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The American Dental Association (ADA) has defined prosthodontics as "the dental specialty pertaining to the diagnosis, treatment planning, rehabilitation, and maintenance of oral function, comfort, appearance, and health of patients with clinical conditions associated with missing or deficient teeth and/or oral and maxillofacial tissues using biocompatible substitutes."1 A prosthodontist has three years of comprehensive training following dental school in several areas of restorative dentistry. This training includes dental implants, crowns, fixed partial dentures, complete dentures, removable partial dentures, esthetics, occlusion, and facial and dental birth developmental defects. Prosthodontists are also trained in the technical and technological aspects of laboratory fabrication of complex dental prosthetics and complex restoration of dental and facial esthetics.1 Maxillofacial prosthetics is a branch of prosthodontics that requires one additional year of fellowship training with a focus on treatment of patients who have acquired and congenital defects of the head and neck region due to cancer, surgery, trauma, and birth defects. Innovative methods to help with the treatment of sleep apnea and temporomandibular joint disorders have also evolved over time, as have the educational responsibilities to provide those services to patients served by prosthodontists.1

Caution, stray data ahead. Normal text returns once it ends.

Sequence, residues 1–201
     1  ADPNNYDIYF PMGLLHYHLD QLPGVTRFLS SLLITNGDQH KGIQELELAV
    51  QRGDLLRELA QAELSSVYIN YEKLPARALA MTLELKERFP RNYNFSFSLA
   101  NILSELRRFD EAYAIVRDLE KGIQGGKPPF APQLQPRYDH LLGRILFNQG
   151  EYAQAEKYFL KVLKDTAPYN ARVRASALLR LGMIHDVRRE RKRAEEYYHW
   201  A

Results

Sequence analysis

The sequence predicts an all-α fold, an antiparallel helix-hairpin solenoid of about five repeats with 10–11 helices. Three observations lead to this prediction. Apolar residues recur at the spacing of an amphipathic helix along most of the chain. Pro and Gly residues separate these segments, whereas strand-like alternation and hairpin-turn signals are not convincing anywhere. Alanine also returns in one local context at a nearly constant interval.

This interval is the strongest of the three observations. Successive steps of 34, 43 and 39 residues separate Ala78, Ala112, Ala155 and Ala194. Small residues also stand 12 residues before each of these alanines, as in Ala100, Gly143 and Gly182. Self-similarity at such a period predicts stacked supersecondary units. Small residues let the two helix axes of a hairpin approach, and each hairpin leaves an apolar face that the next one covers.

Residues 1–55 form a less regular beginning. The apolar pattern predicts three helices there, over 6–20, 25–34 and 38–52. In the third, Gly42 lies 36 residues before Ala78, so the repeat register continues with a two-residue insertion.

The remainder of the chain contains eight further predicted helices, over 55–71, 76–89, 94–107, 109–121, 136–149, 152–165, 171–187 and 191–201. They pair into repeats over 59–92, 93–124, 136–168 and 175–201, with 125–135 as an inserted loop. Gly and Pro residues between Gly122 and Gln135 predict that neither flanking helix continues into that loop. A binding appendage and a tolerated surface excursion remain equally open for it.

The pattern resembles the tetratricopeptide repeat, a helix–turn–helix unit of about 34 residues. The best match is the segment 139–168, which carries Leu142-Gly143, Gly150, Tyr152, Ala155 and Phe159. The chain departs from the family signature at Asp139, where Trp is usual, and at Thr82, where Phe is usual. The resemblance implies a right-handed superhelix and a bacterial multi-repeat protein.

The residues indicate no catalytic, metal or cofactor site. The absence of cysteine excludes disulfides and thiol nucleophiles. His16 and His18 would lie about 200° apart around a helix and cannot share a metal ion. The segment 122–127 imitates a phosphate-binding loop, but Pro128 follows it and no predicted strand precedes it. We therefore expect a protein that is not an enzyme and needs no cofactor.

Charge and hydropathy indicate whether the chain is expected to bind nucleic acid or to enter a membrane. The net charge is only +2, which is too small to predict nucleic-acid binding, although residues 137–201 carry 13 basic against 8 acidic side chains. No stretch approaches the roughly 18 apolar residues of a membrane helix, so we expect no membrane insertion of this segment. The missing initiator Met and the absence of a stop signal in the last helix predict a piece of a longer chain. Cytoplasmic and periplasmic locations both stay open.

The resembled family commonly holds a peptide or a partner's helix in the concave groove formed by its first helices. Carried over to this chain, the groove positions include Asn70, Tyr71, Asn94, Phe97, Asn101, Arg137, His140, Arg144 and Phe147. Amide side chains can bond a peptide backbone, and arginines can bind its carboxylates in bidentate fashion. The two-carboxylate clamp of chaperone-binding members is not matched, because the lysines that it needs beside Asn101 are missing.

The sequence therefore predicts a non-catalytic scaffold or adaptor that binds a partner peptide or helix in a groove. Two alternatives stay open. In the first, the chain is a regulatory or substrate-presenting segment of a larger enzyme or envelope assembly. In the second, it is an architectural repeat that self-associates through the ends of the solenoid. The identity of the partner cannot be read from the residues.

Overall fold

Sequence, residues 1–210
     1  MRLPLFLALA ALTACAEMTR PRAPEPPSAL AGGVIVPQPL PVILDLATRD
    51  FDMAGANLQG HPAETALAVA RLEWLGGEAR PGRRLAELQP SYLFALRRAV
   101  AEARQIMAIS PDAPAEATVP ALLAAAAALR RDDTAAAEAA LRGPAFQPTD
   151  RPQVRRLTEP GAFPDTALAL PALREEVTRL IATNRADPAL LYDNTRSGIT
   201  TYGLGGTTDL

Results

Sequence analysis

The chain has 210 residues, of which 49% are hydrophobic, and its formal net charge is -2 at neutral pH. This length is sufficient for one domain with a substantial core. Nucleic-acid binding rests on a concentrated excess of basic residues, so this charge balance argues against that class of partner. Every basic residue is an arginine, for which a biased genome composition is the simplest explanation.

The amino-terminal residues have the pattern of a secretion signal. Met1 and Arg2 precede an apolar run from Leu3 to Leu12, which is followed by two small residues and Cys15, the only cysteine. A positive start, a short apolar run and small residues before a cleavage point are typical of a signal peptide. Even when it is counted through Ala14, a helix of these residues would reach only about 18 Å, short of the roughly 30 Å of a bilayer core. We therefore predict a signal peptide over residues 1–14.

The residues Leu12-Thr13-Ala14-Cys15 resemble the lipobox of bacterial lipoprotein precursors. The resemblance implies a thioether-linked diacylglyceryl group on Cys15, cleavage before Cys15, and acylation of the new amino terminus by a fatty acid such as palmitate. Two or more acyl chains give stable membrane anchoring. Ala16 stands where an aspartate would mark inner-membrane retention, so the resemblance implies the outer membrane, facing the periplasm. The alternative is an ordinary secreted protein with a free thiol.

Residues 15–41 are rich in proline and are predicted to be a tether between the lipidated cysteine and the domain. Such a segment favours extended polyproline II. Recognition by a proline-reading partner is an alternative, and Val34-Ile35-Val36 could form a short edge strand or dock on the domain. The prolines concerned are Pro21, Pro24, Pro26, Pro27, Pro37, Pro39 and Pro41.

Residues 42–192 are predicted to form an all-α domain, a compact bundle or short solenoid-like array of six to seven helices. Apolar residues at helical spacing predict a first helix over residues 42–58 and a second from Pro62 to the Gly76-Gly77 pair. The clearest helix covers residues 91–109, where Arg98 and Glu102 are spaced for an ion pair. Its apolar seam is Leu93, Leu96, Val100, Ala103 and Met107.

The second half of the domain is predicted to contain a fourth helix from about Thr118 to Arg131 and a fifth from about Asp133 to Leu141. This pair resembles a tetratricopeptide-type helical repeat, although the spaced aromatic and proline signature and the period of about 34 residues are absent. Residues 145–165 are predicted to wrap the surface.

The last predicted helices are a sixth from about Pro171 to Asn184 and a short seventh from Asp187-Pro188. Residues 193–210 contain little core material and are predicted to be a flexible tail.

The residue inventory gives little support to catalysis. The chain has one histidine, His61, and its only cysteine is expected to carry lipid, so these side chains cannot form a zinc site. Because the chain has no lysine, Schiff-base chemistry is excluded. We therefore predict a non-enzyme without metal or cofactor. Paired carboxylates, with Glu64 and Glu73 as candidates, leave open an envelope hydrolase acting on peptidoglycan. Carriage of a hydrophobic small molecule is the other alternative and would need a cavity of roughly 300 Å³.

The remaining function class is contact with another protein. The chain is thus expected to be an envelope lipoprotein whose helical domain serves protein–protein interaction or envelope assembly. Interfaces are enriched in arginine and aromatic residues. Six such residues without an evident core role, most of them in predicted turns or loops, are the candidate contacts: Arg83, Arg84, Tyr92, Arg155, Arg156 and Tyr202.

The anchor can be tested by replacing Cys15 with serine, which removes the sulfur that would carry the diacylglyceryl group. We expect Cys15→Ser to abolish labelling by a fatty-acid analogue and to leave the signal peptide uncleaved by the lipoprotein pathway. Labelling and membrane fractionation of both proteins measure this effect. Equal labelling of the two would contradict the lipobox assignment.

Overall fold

Prosthodontics has evolved into its current form through the gradual assimilation of multiple distinct areas of dental practice. Fixed prosthodontics, removable prosthodontics, maxillofacial prosthetics, and esthetic dentistry are exclusive features of the broader specialty of prosthodontics in its modern form. The application of dental implant therapy to patients with prosthodontic needs has been the greatest single advance and addition to the treatment procedures provided by the specialty. The ability to replace a tooth or multiple teeth with restorations supported by prosthetic root replacements has dramatically improved the ability of prosthodontists to serve their patients with their chewing efficiency and self-esteem.